An improved riser reactor system is presented for converting crackable hydrocarbons selectively to ethylene and propylene. Use of catalysts provides for lowering the temperature and improving the amount of hydrocarbons converted to ethylene and propylene. Catalysts are favorable in that they provide for a conversion reaction or hydrocarbon cracking, at significantly lower temperatures. However, problems arise wherein as the reaction progresses, increased partial pressures of ethylene and propylene slow down the rate of reaction due to increased occupancy of ethylene and propylene on catalyst sites. This leads to longer residence time needed to increase the conversion rate. Longer residence times allows the hydrocarbon gases to heat up a greater amount. However, undesirable thermal cracking reactions take place as the gas heats up with a longer residence time. It is desirable to reduce the amount of undesirable products while trying to increase the amount of ethylene and propylene produced.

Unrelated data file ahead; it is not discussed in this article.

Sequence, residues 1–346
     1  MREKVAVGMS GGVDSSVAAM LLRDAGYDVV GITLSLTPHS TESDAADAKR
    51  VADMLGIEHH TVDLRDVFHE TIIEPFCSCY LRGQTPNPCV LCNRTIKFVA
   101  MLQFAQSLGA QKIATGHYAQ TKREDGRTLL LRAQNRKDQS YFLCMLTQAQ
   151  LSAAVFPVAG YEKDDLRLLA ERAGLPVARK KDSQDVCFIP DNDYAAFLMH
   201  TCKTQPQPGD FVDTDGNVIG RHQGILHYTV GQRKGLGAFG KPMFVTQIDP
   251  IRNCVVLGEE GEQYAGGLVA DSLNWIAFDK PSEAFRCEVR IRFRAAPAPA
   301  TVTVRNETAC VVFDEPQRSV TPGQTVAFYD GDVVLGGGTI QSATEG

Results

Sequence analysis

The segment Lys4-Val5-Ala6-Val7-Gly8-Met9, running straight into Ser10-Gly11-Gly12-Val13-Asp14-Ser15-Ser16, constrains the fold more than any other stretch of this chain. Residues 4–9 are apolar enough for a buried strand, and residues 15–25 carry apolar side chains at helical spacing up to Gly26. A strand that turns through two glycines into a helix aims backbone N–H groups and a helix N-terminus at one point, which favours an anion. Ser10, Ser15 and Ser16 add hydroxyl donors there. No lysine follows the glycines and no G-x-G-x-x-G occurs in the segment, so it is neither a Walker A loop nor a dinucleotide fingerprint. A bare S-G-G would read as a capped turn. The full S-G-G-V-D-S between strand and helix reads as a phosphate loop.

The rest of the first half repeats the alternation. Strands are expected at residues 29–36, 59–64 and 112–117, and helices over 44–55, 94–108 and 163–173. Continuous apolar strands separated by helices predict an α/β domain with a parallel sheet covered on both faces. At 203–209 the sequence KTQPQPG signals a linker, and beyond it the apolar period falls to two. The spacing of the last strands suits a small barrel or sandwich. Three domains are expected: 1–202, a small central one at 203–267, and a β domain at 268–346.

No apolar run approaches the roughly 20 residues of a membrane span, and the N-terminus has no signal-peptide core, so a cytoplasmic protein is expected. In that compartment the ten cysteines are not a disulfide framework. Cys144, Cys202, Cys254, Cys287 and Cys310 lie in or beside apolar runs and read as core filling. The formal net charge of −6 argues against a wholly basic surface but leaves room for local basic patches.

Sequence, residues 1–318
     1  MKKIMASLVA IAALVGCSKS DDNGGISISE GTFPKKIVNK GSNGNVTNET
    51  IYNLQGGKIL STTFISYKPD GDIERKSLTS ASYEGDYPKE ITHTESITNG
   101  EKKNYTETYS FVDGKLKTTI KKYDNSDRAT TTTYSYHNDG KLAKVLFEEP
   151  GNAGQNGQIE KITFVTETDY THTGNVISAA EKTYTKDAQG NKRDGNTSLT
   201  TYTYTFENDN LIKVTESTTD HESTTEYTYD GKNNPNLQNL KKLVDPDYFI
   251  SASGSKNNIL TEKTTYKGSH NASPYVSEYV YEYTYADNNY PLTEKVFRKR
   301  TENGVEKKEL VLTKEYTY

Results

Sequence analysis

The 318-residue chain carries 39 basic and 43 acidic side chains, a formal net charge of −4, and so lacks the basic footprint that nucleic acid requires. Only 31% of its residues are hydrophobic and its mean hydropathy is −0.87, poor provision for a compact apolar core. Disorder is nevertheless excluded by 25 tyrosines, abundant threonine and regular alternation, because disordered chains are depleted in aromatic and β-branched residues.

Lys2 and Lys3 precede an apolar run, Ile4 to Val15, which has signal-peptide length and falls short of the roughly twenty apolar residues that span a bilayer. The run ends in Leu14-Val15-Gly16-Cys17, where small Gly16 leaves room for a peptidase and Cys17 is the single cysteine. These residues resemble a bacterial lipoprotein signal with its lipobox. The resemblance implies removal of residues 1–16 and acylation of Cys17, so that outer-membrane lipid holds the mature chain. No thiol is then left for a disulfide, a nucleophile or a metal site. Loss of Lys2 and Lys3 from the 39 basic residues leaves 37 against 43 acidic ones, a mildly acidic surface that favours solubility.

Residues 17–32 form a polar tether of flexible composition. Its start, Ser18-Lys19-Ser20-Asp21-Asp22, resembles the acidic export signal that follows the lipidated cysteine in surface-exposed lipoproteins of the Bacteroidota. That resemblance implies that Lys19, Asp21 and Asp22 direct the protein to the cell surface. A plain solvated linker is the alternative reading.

The reaction of a mixture of hydrocarbons to produce a selective and limited product stream requires considerable control. When optimizing production, control over temperatures and time can vary with differences in feedstock. In addition competing reactions can produce undesirable products, as well as products produced from earlier reactions can subsequently react reducing the desired products. An example illustrating the importance of reaction time on the general behavior of the reaction system is demonstrated by a simple model in FIGS. 1-3. For illustration purposes only the behavior is modeled as two parallel reactions and that the reactions are assumed to be first order and irreversible. The two sets of reactions are:

Figure US06791002-20040914-C00001

The reactions are parallel primary reactions for convening naphtha, A, to propylene, B and ethylene, D. Each time B and D are made, some light alkanes like methane and ethane are also produced. There is also a secondary reaction for converting propylene, B, to an aromatic product such as benzene, C, or to coke and light alkanes by hydrogen transfer.